SACRAMENTO – Dr. Richard Pan, a pediatrician and author of legislation targeted at boosting vaccine rates, called to new data released today by the California Department of Public Health (CDPH) indicating that, in its first year of realization, Senate Bill 277 is raising school vaccine rates to levels not seen in a decade and a half.
“I am pleased that this first year of the implementation of SB277 has resulted in the significant rise of the vaccination rate of this year’s Kindergarten class,” said Dr. Pan. “This success is a first step toward reducing the number of unimmunized people putting our families at-risk for preventable diseases, thereby restoring community immunity throughout our state in the coming years.”
According to the results revealed today by CDPH in their annual immunization evaluation, the proportion of kindergarten students who received the required vaccines significantly increased from 93 percent during the 2015-16 school year, to 96 percent during the 2016-17 school year, a rate above the 94 percent needed to prevent measles transmission. (www.cdph.ca.gov/programs/immunize/Pages/ImmunizationLevels.aspx)
Dr. Pan jointly authored SB 277 with Senator Ben Allen (Santa Monica) and the bill was sponsored by Vaccinate California, a parent advocacy group established to improve public health by increasing vaccination rates.
“As a grassroots group made up of concerned parents and community members we are encouraged by today’s report,” said Leah Russin a mother and co-founder of Vaccinate California. “There is no doubt SB277 is working, which means a healthier, safer California. We are confident overall vaccination rates will continue increasing as parents protect their children and communities, making our state more resilient to preventable disease outbreak.”
Students who entered school in 2016-17 are the first to be officially registered under Senate Bill 277, which eradicated the personal belief exception to legally required vaccines for school entry.
Previously, Dr. Pan authored Assembly Bill 2109 in 2012, which obliged all parents who requested a personal belief exemption from vaccines to be counseled by a licensed health care provider. In the first year of the implementation of the law, the rate of vaccine waivers for kindergartners entering school dwindled to 2.5% in 2014 from 3.1% in 2013; the first reversal of a decades-long increase in use of personal belief exemptions.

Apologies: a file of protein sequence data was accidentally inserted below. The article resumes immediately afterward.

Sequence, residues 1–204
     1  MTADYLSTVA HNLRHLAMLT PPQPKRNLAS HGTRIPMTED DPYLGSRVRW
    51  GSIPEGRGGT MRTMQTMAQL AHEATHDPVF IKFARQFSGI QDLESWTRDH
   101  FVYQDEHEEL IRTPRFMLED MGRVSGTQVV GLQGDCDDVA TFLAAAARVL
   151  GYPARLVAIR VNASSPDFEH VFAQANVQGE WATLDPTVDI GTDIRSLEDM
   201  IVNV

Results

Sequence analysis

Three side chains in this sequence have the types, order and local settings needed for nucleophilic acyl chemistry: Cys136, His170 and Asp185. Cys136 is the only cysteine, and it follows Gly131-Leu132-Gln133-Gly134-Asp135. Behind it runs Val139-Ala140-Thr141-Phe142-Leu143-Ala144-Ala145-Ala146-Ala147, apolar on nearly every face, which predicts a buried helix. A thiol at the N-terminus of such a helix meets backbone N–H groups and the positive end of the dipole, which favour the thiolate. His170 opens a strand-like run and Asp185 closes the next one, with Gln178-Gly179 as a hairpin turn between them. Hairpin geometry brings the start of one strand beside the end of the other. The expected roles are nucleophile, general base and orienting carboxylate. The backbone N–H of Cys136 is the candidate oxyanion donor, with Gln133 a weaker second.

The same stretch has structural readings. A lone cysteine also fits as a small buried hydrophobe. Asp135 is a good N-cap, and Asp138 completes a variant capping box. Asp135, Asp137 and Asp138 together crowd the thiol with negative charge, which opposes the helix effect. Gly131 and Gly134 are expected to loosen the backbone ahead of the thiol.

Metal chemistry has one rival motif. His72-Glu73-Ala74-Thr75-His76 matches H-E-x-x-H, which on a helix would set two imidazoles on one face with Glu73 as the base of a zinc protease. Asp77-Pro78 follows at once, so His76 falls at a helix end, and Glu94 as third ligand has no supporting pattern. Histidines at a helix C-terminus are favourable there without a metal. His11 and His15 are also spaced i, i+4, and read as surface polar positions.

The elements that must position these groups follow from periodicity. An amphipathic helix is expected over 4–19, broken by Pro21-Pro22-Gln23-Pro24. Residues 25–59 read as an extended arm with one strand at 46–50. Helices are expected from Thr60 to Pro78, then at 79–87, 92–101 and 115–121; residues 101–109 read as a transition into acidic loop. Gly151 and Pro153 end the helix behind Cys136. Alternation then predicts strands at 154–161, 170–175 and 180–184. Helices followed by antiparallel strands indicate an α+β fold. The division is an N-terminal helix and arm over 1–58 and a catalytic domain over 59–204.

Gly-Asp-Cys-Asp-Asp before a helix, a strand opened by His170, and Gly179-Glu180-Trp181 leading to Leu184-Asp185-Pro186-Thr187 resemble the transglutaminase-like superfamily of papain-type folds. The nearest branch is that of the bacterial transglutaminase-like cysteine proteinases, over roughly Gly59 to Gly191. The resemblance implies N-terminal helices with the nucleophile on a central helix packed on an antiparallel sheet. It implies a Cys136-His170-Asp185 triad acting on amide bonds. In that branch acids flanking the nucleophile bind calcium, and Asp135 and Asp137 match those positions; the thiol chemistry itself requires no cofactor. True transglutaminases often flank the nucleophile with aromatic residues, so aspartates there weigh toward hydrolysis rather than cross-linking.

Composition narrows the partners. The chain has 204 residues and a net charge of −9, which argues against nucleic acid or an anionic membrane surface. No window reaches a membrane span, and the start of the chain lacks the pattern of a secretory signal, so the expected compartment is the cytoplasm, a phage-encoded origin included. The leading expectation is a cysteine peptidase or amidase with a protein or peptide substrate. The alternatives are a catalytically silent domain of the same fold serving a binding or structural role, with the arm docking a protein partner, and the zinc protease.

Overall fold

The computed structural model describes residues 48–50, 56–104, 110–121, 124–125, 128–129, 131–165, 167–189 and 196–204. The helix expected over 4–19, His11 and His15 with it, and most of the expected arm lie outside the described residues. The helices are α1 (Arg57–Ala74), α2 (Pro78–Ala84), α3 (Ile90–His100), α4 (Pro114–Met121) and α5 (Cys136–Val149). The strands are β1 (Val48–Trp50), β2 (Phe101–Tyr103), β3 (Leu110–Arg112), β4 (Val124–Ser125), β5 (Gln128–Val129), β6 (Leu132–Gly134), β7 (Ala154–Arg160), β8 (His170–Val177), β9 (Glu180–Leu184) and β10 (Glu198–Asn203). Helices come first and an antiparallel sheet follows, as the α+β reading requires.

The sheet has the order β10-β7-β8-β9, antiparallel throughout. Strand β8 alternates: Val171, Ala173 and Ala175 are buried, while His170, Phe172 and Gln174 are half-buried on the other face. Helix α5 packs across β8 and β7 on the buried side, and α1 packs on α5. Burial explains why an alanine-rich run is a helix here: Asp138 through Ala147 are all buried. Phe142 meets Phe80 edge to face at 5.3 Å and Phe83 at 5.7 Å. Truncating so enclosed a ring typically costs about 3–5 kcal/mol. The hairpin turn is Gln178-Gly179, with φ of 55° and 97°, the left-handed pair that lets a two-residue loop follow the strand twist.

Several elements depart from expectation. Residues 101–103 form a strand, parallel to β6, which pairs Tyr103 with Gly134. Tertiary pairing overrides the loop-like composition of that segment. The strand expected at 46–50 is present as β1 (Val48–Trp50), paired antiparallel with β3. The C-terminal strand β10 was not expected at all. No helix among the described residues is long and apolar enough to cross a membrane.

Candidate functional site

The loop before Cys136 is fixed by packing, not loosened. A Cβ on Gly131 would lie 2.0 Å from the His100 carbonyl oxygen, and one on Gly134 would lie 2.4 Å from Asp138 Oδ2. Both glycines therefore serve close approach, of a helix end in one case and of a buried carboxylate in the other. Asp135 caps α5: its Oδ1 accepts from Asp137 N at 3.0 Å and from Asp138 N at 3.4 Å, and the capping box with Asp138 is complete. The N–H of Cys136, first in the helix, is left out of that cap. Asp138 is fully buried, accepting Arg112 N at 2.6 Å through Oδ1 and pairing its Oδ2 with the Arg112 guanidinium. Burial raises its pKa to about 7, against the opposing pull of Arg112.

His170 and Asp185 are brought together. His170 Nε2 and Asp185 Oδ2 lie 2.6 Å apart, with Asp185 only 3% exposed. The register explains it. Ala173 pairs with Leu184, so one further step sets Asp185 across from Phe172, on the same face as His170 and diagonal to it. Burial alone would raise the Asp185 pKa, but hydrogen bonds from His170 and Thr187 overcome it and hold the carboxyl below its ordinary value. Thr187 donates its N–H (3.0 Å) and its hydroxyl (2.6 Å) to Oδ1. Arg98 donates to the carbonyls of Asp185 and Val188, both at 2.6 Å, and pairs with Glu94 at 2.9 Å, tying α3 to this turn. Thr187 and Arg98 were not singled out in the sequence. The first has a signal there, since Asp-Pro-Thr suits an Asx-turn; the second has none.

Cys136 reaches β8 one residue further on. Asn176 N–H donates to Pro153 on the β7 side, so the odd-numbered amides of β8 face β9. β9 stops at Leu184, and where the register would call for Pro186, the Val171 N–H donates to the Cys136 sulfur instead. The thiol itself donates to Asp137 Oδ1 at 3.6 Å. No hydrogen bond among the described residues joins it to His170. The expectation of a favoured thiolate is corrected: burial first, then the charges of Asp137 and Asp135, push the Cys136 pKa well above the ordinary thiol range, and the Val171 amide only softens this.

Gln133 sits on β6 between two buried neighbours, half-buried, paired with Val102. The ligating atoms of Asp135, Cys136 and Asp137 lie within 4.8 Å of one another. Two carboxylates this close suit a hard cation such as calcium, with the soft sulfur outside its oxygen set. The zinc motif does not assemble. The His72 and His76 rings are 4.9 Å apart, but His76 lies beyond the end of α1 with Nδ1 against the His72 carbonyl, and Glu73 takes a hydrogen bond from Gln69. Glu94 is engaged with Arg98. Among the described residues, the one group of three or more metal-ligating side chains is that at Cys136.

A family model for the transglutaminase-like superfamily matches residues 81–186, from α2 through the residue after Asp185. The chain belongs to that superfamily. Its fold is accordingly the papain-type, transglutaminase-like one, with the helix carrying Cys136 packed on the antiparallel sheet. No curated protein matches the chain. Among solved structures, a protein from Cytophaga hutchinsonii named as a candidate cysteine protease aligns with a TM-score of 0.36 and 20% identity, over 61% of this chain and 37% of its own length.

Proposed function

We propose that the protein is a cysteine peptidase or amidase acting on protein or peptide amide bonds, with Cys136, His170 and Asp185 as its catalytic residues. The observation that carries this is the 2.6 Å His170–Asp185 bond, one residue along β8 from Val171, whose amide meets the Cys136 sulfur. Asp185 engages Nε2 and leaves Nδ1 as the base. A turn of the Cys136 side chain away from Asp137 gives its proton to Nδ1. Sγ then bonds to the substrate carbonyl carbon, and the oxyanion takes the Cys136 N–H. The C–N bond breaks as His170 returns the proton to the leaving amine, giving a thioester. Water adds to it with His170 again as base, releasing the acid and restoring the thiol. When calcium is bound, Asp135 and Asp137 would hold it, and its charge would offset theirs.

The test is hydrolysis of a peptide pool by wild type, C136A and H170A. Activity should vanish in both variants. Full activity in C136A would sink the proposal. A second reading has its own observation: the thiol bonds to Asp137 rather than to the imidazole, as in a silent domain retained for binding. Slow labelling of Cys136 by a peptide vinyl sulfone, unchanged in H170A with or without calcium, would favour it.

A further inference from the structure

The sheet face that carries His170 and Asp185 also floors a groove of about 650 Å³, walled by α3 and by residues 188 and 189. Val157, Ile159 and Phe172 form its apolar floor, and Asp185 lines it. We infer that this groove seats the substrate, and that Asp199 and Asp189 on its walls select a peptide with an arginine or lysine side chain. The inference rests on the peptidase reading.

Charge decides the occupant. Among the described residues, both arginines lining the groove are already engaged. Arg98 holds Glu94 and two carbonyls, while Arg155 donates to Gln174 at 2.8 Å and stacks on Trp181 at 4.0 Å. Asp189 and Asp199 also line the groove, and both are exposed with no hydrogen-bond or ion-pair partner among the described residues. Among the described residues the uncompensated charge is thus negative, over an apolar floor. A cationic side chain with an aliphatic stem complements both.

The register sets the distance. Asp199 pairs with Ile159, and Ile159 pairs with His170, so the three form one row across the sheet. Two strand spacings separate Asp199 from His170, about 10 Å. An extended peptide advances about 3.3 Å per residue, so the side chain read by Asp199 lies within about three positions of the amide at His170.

Measles was proclaimed eliminated from the United States in 2000. However, in the same year, the dishonored author of a fraudulent paper published in The Lancet in 1998, which the medical journal later draw it back, showed up on a 60 Minutes broadcast wrongly claiming the MMR vaccine caused autism. Stoked by unproven anxiety about vaccines, personal belief exemptions to legally required vaccines for school entry rose in California until the realization of AB 2109, and the United States noticed an increase in measles and pertussis outbreaks. Since parents called for the restoration of community immunity to vaccine preventable diseases, Dr. Richard Pan and Senator Ben Allen authored SB 277 following measles outbreak that started at Disneyland infected 136 people, and the death of 10 infants in the 2010 pertussis outbreak in California.
The CDPH data demonstrates that while vaccination rates rose for this Kindergarten class, the number of unvaccinated people who were exempted from vaccination when they entered school in previous years is still large, and it will take years before community immunity to vaccine preventable diseases is completely restored throughout our state.